Fatigue-Fighting Foods

CURE, Summer 2007, Volume 6, Issue 4

What patients eat may boost energy.

Fatigue can be demoralizing and frustrating for cancer patients, many of whom consider the side effect more distressing than even pain or nausea, since those are more easily managed by medications. Although fatigue is nearly universal among cancer patients, it remains largely undertreated and under-researched.

Little is known about the cause and mechanisms of fatigue, but studies suggest it may be related to the cancer itself, treatment side effects, or comorbid illnesses. One area of research expected to gain more interest is the role of diet and nutrition in managing cancer-related fatigue.

“There is still a major gap in research in this area,” notes cancer researcher Barbara F. Piper, DNSc, RN, professor and chair of nursing research at the University of Arizona College of Nursing in Tucson. “And in lieu of the evidence, the best guidelines we have are the guidelines that are available for nutrition in healthy people,” says Piper, who served on the National Comprehensive Cancer Network panel that issued updated guidelines on cancer-related fatigue in March.

In the meantime, that leaves dietitians like David Grotto, RD, LDN, to tailor nutritional plans to individual patients based on a comprehensive assessment of their needs and health status. “Most patients don’t have years to wait for good clinical trials in this field,” says Grotto, president of Nutrition Housecall, LLC, a Chicago-area company whose services include in-home nutrition consultations for cancer patients. “I literally have patients who are too fatigued to eat.”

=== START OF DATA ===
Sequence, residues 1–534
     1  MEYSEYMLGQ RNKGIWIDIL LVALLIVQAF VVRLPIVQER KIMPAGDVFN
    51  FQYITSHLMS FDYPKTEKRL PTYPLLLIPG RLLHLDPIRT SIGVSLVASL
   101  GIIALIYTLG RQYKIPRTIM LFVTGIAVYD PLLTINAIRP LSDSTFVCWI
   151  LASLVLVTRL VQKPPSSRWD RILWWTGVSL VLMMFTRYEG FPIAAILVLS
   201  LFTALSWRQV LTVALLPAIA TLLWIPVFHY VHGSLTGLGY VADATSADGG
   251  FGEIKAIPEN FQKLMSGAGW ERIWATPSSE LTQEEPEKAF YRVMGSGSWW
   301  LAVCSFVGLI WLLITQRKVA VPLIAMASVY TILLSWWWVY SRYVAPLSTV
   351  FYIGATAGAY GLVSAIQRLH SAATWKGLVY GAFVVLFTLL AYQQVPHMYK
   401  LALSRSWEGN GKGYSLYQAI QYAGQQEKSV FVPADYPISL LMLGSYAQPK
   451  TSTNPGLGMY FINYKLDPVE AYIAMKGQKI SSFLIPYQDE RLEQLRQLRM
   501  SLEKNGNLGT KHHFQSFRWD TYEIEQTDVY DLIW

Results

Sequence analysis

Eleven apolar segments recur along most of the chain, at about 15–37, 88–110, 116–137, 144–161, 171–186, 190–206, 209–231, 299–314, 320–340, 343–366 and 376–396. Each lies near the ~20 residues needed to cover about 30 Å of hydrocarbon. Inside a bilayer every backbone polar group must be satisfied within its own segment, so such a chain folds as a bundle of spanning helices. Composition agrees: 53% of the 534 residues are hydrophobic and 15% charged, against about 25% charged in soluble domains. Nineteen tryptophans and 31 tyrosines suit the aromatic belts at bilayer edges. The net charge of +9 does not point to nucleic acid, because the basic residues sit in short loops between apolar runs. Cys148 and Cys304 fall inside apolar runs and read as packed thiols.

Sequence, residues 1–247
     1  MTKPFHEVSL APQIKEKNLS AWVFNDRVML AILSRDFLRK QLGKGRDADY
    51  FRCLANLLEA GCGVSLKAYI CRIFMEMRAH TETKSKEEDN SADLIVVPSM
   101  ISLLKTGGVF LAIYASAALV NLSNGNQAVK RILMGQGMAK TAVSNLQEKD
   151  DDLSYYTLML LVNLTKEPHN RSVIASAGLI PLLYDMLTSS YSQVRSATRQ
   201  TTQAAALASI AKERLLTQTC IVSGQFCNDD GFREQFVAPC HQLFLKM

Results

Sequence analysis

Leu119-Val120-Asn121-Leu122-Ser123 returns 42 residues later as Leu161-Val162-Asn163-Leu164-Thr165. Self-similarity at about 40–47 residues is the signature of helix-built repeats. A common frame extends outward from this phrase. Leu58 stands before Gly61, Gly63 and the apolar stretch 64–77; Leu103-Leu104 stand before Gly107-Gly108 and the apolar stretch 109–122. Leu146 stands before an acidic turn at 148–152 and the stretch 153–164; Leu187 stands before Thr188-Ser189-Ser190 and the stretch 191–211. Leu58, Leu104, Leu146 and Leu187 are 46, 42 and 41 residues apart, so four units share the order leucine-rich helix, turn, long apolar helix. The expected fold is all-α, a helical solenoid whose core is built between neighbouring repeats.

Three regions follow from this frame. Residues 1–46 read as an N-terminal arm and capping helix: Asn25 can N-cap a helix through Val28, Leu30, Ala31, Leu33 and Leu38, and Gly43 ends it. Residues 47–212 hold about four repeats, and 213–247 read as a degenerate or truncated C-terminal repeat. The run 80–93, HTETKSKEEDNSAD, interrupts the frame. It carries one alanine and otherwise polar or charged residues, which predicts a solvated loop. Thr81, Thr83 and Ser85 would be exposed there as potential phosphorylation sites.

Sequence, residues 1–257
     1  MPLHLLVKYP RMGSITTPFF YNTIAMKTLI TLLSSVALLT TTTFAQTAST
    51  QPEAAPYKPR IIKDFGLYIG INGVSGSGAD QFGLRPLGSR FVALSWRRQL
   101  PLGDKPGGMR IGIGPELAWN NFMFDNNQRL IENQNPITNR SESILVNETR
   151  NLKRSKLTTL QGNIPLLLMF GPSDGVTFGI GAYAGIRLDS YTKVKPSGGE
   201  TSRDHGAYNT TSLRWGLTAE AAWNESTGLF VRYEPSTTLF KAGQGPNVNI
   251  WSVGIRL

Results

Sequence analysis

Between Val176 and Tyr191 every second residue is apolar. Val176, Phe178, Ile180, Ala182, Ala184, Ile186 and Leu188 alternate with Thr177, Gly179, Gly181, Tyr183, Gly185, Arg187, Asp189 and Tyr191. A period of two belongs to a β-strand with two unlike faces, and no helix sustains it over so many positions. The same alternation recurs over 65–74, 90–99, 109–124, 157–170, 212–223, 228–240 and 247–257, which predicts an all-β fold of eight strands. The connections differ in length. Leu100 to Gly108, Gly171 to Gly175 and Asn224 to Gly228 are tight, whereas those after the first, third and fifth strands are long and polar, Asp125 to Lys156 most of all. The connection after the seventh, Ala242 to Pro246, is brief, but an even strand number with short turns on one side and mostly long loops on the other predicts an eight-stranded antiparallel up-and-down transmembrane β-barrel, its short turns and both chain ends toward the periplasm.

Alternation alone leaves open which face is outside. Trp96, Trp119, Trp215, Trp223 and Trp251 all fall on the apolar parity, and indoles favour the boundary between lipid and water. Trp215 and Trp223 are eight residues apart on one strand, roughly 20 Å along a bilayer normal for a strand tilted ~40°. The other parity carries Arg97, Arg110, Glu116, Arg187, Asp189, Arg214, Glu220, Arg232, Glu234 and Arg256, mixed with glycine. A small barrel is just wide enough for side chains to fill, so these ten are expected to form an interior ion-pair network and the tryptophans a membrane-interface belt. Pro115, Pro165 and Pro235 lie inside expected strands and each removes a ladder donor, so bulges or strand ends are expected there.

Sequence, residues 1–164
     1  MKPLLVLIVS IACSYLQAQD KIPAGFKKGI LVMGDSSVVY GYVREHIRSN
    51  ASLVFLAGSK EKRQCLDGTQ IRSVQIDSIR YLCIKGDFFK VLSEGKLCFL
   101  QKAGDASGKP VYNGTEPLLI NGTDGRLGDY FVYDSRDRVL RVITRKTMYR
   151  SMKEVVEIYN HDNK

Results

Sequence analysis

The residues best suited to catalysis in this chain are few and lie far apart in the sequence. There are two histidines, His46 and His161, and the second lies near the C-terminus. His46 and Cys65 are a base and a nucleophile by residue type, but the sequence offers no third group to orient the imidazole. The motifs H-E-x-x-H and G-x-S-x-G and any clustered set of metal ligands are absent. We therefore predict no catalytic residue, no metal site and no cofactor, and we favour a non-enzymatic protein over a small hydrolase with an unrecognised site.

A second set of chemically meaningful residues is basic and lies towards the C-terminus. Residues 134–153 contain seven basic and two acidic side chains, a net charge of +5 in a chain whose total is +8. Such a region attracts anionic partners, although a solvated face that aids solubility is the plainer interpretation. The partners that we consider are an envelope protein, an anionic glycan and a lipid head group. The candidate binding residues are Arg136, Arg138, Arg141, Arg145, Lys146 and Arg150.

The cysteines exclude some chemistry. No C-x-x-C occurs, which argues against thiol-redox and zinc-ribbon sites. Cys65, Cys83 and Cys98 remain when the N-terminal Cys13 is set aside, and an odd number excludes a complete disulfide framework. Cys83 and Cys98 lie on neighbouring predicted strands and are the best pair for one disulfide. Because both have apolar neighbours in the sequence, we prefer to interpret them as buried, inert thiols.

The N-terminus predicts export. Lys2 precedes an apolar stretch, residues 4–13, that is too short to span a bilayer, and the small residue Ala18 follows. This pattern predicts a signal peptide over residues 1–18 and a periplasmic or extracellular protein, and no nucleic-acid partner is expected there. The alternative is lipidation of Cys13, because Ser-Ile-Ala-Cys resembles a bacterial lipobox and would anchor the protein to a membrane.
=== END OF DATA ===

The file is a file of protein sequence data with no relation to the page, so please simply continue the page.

Patients should discuss fatigue symptoms with their doctor, and if appropriate, consult with a registered dietitian. A detailed assessment can determine if a patient is getting the proper amount and types of nutrients and fluids. Grotto says adequate nutrition can be especially difficult for patients experiencing appetite and taste changes. A dietitian can suggest palatable substitutes that meet an individual’s target for calories, carbohydrates, proteins, and healthy fats.

Complex carbohydrates, such as fruits, vegetables, and whole grains, offer a good source of long-lasting energy, Grotto says. Simple carbohydrates, such as sugar, provide a brief surge of energy followed quickly by a return of fatigue, and should therefore be limited.

Protein, a key ingredient in managing cancer fatigue, builds and repairs damaged body tissue. If cancer uses the body as a fuel source, some patients may lack protein reserves in their muscles, which can leave them short of energy. “Their bodies may really be crying out for additional sources of protein,” Grotto says. Good sources of protein include fish, lean meat, eggs, soy, and beans.

Nutrient-rich snacks—hard-boiled eggs, peanut butter on toast, or soups—come in handy when a patient is too tired to whip up a full meal. Five or six smaller meals throughout the day as opposed to the traditional three-meal-a-day schedule may be helpful for patients with nausea and vomiting.

Many patients find it useful to keep a food diary, says Dee Sandquist, MS, RD, director of nutrition, diabetes, weight management and wound healing at Southwest Washington Medical Center in Vancouver, Washington. “That way, we can work together to identify the food groups they may not be eating enough of or perhaps too much of,” she says.

Patients should resist the urge to use vitamins or dietary supplements to make up for what’s lacking in their diet without consulting their doctor, cautions Sandquist. Some supplements can interact with medications or have harmful side effects.

While patients and physicians await solid evidence that diet may improve cancer-related fatigue, what has been proven to boost energy is exercise, such as moderate walking, biking, and swimming.